South Africa’s phenomenal endurance swimmer, Lewis Pugh, has been appointed an Ambassador of the Royal Commonwealth Society (RCS), a prestigious accomplishment which the athlete is certain to fulfil with excellence! After all, he’s already the UN Patron of Oceans and is on a mission to fully protect a third of the world’s oceans by 2030.
Pugh is one of the world’s top extreme swimmers. As Carte Blanche pointed out in a previous episode, he’s conquered almost every endurance swim one can imagine, braving some of the iciest conditions to bring attention to the need for the ocean to be protected.
The RCS appointment is quite fitting as the 50-year-old, who was born in the port city of Plymouth in the UK, grew up in not one, but three Commonwealth countries.
A delighted Pugh announced on social media this afternoon: “I grew up in three Commonwealth nations: the UK, Malta and South Africa. Today I am thrilled to announce that I’ve been appointed an Ambassador of the Royal Commonwealth Society. Thank you for this honour.”
He added: “The Commonwealth comprises 54 diverse nations. Almost all are maritime, and many are island nations, which are being seriously impacted by climate change. I look forward to working with them to be a voice for our oceans.”
Dr Linda Yueh, Chair of the Royal Commonwealth Society, said: ‘Since 2007, Lewis’s inspirational swims, in some of the world’s most fragile ecosystems, have highlighted the existential threat that climate change poses to the Commonwealth, and the world. As the Society increases the scope of its environmental work over the next five years, we are delighted that Lewis is joining the Society as an Ambassador.”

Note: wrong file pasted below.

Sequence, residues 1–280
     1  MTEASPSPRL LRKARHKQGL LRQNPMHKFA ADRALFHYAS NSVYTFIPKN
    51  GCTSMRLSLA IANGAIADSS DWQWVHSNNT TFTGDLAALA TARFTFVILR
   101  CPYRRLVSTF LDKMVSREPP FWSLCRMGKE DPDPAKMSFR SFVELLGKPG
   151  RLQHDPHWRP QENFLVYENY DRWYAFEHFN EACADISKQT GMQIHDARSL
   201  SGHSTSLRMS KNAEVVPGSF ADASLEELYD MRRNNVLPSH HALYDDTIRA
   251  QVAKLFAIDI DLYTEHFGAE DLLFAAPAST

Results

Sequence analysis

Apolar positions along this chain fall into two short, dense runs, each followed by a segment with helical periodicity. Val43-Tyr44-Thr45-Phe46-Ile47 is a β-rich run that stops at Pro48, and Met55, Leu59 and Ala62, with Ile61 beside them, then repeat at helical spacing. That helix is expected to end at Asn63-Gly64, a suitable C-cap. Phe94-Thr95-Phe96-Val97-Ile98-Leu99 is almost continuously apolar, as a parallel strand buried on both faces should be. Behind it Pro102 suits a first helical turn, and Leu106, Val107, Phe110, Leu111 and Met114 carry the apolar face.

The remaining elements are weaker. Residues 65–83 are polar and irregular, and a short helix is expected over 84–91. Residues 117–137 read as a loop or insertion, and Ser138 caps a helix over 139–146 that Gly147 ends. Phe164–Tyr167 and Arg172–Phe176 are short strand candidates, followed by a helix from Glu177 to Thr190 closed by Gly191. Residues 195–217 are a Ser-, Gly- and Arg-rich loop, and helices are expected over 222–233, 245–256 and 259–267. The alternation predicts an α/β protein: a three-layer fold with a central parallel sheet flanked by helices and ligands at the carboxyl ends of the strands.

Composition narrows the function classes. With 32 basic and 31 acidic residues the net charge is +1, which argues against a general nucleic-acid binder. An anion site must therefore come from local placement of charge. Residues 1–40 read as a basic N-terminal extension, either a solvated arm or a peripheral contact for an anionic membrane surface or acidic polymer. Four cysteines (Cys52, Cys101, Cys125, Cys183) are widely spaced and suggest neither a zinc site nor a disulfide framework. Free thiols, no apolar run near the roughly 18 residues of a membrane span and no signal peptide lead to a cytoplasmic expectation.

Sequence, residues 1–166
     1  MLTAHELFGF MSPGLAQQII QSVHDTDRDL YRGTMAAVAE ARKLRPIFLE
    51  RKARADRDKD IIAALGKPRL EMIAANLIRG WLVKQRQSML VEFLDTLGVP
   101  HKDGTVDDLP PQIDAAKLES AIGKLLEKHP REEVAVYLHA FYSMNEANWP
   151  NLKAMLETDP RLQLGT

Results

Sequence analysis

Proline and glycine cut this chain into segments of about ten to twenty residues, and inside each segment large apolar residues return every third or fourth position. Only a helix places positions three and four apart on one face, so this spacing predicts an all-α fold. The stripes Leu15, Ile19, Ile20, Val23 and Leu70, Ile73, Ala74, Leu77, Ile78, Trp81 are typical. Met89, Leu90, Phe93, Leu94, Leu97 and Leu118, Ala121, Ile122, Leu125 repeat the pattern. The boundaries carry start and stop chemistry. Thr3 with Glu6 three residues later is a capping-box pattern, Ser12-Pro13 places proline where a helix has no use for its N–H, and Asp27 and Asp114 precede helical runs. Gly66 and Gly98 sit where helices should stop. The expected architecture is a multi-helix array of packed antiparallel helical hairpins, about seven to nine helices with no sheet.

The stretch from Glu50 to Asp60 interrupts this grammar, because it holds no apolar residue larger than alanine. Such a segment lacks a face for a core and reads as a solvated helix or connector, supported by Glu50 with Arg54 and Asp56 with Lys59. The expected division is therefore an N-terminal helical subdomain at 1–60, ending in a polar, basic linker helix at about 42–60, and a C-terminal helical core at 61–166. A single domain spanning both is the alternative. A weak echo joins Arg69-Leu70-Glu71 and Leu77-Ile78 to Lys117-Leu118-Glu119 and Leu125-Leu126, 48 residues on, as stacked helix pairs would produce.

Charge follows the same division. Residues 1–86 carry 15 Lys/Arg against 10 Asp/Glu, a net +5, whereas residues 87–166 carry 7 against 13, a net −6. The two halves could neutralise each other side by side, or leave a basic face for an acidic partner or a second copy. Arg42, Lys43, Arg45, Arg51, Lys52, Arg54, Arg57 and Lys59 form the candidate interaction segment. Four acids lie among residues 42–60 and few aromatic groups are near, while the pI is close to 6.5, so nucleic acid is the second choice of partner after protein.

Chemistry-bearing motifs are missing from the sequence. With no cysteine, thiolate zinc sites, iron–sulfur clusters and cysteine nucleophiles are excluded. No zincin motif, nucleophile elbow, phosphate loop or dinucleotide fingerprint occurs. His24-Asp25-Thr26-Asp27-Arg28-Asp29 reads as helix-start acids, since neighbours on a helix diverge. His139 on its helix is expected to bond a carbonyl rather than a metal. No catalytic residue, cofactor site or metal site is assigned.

Along with Pugh, world heavyweight boxing champion, Anthony Joshua, OBE, was also today appointed an Ambassador of the Royal Commonwealth Society.
Joshua said: “The Commonwealth, with its 54 nations and 2.4 billion people, is a wealth of diverse cultures, languages and people but regardless of those differences, we all share the same values and principles… Respect, tolerance and understanding are critical to bringing our societies and communities together, making the world a better place for all.”
Calling himself a child of the Commonwealth, Pugh said: “I’ve witnessed our oceans change dramatically over 33 years of swimming. The climate crisis is seriously impacting the lives of citizens around the Commonwealth. I look forward to working with the Society to help build a better future for all of us.”
If it's worth starting, it's worth finishing. pic.twitter.com/ZM1gITYmaS
— Lewis Pugh (@LewisPugh) October 4, 2020
— Lewis Pugh (@LewisPugh) October 5, 2020